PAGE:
The first platforms of story telling were person to person, from as far back as humans were first around they used storytelling as a form of entertainment, they would sit round campfires and spread their storyies, passing them on to their children and their childrens children.

The second storytelling platform was theater and is thought to have been invented by the ancient Greeks, here a story could be told to a bigger audience and have a bigger impact, using props and actors to portray characters and storylines.

The next revolution in storytelling didn’t happen for another 1500 years and is knows as the book, or so Sean Stewart says who is a groundbreaking figure in sci-fi storytelling, i have to say that i disagree with this remark.

I think Gilgamesh was the first book, although it wasn’t put down on paper and is on a tablet in my opinion this still qualifies as a book.  Gilgamesh is a mythologized account of a historical figure, the ruler of a Sumerian city-state of Uruk, he was believed to have ruled sometime between 2700-2500BC.  There are a number of fragmentary versions of the story and some scholars believe that these could be transcriptions of earlier Sumerian texts.  The most complete version was written on 12 clay tablets sometime between 1500-1200BC and was discovered in the ruins of the Assyrian King Ashurbanipal’s library in the Nineveh, this was the largest library in the pre-Hellenic ancient world.

With the book, the artist only has to entertain on time, but the book and be read all over the world for thousands of years, and now the way we read books has changes with things like the iPad where books are downloaded digitally and read on screen.

The next platform was created in the 20th century and is known as cinema.  In this you had sound, music, costume designers, trained actors etc.  Of course some of these things were in theater but probably not having the same effect as it would on screen.


The revolution in story telling is telling them digitally, having a variety of media platforms telling stories.  With the internet you can have everything that there was before but adding email, blogs, social networking, websites, phone calles to your audience etc.

With this technology we now have the ability to create sociable entertainment.  Audiences can experience entertainment collaboratively


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There is a big difference in the way  consumer brands use transmedia compaired toentertainment brands.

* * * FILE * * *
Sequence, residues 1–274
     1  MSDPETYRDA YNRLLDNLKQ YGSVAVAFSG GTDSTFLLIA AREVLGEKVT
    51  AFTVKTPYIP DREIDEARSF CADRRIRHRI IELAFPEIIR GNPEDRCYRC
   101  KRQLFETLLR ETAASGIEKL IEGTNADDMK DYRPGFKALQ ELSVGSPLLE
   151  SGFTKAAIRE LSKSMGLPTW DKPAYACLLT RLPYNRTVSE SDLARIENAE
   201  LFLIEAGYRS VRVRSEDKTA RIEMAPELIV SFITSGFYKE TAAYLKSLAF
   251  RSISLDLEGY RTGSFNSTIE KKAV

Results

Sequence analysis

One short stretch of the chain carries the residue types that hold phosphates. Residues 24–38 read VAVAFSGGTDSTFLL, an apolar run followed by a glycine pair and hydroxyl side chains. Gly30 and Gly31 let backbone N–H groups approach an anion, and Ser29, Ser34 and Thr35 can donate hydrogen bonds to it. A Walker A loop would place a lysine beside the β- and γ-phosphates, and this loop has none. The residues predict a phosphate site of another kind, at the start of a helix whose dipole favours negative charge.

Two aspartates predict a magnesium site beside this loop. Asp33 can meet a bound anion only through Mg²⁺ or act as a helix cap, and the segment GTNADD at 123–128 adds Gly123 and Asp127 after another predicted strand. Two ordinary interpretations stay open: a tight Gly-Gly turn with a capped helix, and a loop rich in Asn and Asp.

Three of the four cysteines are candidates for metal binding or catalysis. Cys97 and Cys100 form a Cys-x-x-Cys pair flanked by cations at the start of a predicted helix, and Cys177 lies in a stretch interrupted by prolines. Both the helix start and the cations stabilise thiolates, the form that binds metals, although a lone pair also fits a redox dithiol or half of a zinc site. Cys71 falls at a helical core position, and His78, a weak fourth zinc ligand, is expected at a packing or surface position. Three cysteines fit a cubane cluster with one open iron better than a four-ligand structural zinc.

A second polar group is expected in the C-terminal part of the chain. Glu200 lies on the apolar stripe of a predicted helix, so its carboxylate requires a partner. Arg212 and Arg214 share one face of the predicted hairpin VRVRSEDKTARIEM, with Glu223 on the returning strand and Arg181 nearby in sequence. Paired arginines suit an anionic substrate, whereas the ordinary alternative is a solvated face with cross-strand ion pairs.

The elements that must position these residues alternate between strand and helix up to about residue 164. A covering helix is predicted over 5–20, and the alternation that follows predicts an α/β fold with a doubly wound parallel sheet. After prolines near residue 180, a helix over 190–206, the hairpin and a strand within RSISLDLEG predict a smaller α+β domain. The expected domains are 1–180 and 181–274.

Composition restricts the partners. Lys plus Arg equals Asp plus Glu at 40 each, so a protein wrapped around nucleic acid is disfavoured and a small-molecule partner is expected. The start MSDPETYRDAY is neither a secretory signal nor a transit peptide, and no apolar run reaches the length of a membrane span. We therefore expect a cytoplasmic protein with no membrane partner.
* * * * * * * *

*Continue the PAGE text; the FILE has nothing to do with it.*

Consumer brands are not stories, so they tend to use ARG’s.  Brands can employ transmedia tactics in less immersive ways, indeed, this is where consumer brands will need to look more closely to build out effective multi-modal, transmedia identities for themselves.

For example coca cola have been using the transmedia approach with the happiness factory, they have created a rich brand world  around the idea that their vending machines have a whole world existing within them, with different games, characters who have different jobs within the world including various interviews etc. The campaign has seen the production of all the usual campaign activity: a website, some TV ads, etc, but also things like a co-created music track.

Brands themselves now need to become multi-modal, that is to say, more multifarious and flexible in their identities – in how they portray themselves, in order to remain relevant and accessible to an increasingly differentiated audience.

BMW’s The Hire was lauded for its embrace of online marketing and branded content.  Through extensive consumer research, they found that their typical customer was 46 years old, with a median income of about $150,000 (USD). Two-thirds were male, married, and had no children. Delving deeper, they discovered this nugget: 85% of BMW purchasers use the internet before purchasing.

On April 26, 2001, the now defunct launches with a series of short films available for viewing. Clive Owen plays the driver, a man who goes from place to place in a BMW, getting hired by various people to be a sort of transport for their vital needs.  Along with Ambush, four other short films were released in 2001


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My story


An android called Chip escapes his creator who is an evil scientist to spread creativity and inspiration amongst teenagers and help them to express themselves in the digital world through various forms of art.


An evil scientist creates an android to assist him in her evil doings.  However, the android begins to evolve and become more human when she develops emotions.  She then finds herself painting as she feels it is the only way to express these emotions.  Knowing that she can no longer assist the evil scientist she escapes ending up living on the streets where a graffiti artist finds her.  The android then goes underground with the  artist who is always running from something, together they set up a website for teenagers to express themselves through various forms of digital art.  All the time running from this evil scientist who wants to take the android back to turn her back into his slave and take away her human emotions.  With the help from the creative teenagers her identity is changed and as time goes on it becomes harder and harder for the scientist to track her down.  In the end because of how many followers she has and because the software that her and the artist have published in order to stay in contact with the helpers she becomes stronger than ever and is able to infiltrate the scientists headquarters.


Facebook, youtube, twitter, phone app, AR App.


  1. Posters of missing girl go up in streets and on Efrens facebook page.
  2. Posts on Chips twitter and facebook page asking people to tear them down.